First in a series by Rob Couteau
In Now the Drum of War, Robert Roper makes a unique contribution to the ever-growing body of Walt Whitman scholarship. His book features an in-depth exploration of Walt’s relationship with his siblings, and it maintains a special focus on his brother George, who served in some of the bloodiest battles of the Civil War. Roper casts a completely new light on these family ties, and he questions some long-held beliefs regarding the influence of Walt’s father and the characterization of his mother, Louisa, as being an unsophisticated illiterate. Drawing on the often visceral, earthy, and moving letters exchanged between Walt, George, and Louisa, Roper’s lyrical narrative depicts both the Whitman saga and the extraordinary events of the time.
Roper is the recipient of numerous awards for works of fiction and nonfiction. His Fatal Mountaineer, a biography of the climber-philosopher Willi Unsoeld, won the 2002 Boardman Tasker Prize. He currently teaches at John Hopkins University.
Rob Couteau: In your biography, you encourage us to rethink certain assumptions about the Whitman family. One is the so-called failure of Walt Whitman Sr. As you point out, although he wasn’t a millionaire, he always provided the essentials for a family of nine children, and he passed a number of valuable skills on to his sons.
Robert Roper: I was reading a little more generally about the social history of the early nineteenth century: the terrible destitution that people fell into after the panic of 1837 and other times. This was a cruel economic period, when all these skilled artisans are, for some reason, unable to feed their families. They don’t understand it, but they were falling through the cracks. An industrial economy was emerging, and the fact that you were skilled didn’t mean anything. In fact, it disabled you; it made you less resourceful in going where labor was needed, back and forth. So, the stories of fathers who really were failures – I mean, I don’t consider them as failures, but who couldn’t put bread on the table – are just legion. And somehow, the Whitmans always had a roof over their heads. And I thought it was interesting that Hannah, the favored sister, went to a fancy school. Probably, their fortunes waxed and waned, but basically the fact that nobody starved to death, and nobody succumbed to childhood tuberculosis: it’s all right.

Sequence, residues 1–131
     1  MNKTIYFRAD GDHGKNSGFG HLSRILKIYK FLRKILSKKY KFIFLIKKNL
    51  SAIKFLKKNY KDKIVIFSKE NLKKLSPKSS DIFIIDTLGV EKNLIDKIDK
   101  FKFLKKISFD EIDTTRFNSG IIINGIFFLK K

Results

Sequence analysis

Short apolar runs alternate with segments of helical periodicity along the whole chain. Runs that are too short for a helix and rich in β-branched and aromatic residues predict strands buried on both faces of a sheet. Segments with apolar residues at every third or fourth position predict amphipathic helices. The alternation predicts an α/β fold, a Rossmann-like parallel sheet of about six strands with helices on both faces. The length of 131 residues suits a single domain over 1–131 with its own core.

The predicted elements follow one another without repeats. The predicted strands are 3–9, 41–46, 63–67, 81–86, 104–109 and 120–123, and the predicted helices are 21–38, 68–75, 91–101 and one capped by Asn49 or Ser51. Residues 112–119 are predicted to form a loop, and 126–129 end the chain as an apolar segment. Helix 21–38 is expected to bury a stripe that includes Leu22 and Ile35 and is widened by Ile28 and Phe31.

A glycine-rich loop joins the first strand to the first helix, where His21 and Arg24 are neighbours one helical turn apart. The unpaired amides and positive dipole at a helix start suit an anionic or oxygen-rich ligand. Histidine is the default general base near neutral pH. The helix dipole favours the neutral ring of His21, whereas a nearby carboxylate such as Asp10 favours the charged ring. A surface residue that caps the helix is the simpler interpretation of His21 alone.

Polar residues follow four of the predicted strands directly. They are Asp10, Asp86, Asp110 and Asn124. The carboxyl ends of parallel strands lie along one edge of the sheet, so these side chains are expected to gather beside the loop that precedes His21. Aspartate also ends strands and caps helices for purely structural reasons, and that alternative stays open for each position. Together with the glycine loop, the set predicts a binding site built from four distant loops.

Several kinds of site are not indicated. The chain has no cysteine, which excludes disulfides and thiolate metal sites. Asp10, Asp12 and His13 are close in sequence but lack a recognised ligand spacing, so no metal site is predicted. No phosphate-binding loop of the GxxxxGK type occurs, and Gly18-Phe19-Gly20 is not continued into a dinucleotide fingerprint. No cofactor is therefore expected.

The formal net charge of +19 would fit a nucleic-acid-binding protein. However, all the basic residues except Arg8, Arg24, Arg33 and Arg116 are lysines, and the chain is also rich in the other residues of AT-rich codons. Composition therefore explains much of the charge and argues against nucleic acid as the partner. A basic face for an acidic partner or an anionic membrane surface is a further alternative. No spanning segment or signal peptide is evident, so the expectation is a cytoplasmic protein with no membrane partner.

And because he was trying to be a spec builder and making a few mistakes, the sons were smart in that way; George and Walt picked up on it and were successful at that. So, that’s kind of a success.
RC: You also point out that although Walt’s father was a heavy drinker, so were many working-class men of that day, because alcohol was safer than the unsanitary water in many of the polluted Brooklyn wells.
RR: As recently as the early twentieth century, workmen in the U.S. and in France drank two or three bottles of wine a day because the wine didn’t make them sick the way bad water did.
RC: You’ve done a great job of portraying Walt’s mother, Louisa, and of questioning the notion of her being a simple-minded illiterate. Instead, she served as a valuable sounding board for Walt. She was able to absorb and intelligently respond to his letters, especially his Civil War letters.
RR: Right. She was probably doing the same thing for George, although her letters to George at the front don’t survive. Over and over again, I saw Walt – in his letters to his mother and to the rest of the family – was just cheerful when he felt he could possibly pull it off. But sometimes he’d write a letter just for her, and he was being overwhelmed; he was breaking down psychologically. Her responses were very moving. And her grammatical way: she spoke exactly to it. You know: “I understand, Walt, how you’ve become fascinated with this difficult work, seeing the boys die.”
When I read the letters she wrote, and George wrote, and Walt wrote about, let’s say, George’s postwar-building career, she was right in on every aspect of it. She was smart about going into debt to finance construction, and she knew about gathering tools and buying the right kind of residential plots. She was just smart. And they came to trust her because, probably, the “old bat” was right.
RC: You show how George was closer to Walt than previous biographers have realized and that his writing was not without its merits.
RR: They were quite brotherly. I don’t know if you have brothers, but often people seem so heterogeneous in a family. Later, Walt made this comment that George was interested in pipes, not poems. And that was true. George read all of Walt’s poetry, but he was an entrepreneur and a contractor.
I found his letters really unusual in the amount of focused intelligence he brought to the problem of trying to understand the confusing, overwhelming battles he had just been in. It made me look at a lot of other Civil War correspondence. You see other soldiers trying to describe the battles they were in, but George’s descriptions are quite solid and detailed. When I went to the battlegrounds, they really held up as maps. You know, George says: “We got pinned down under withering fire by a little rise in the ground by a terribly muddy creek, and I had my face in the mud for three hours” – and I can find the creek! His descriptions and his surmises about what went wrong with battles were often what the Civil War historians say. So, besides having whatever the skills are of a warrior who survives, he also had a mind for battle.
Roper calls Whitman “a writer…intimate with thousands of wounded men and their personal stories, who yet appears not really to be listening.” In tomorrow’s installment, the two writers will explore that notion and how it might relate to Whitman’s attitudes about war.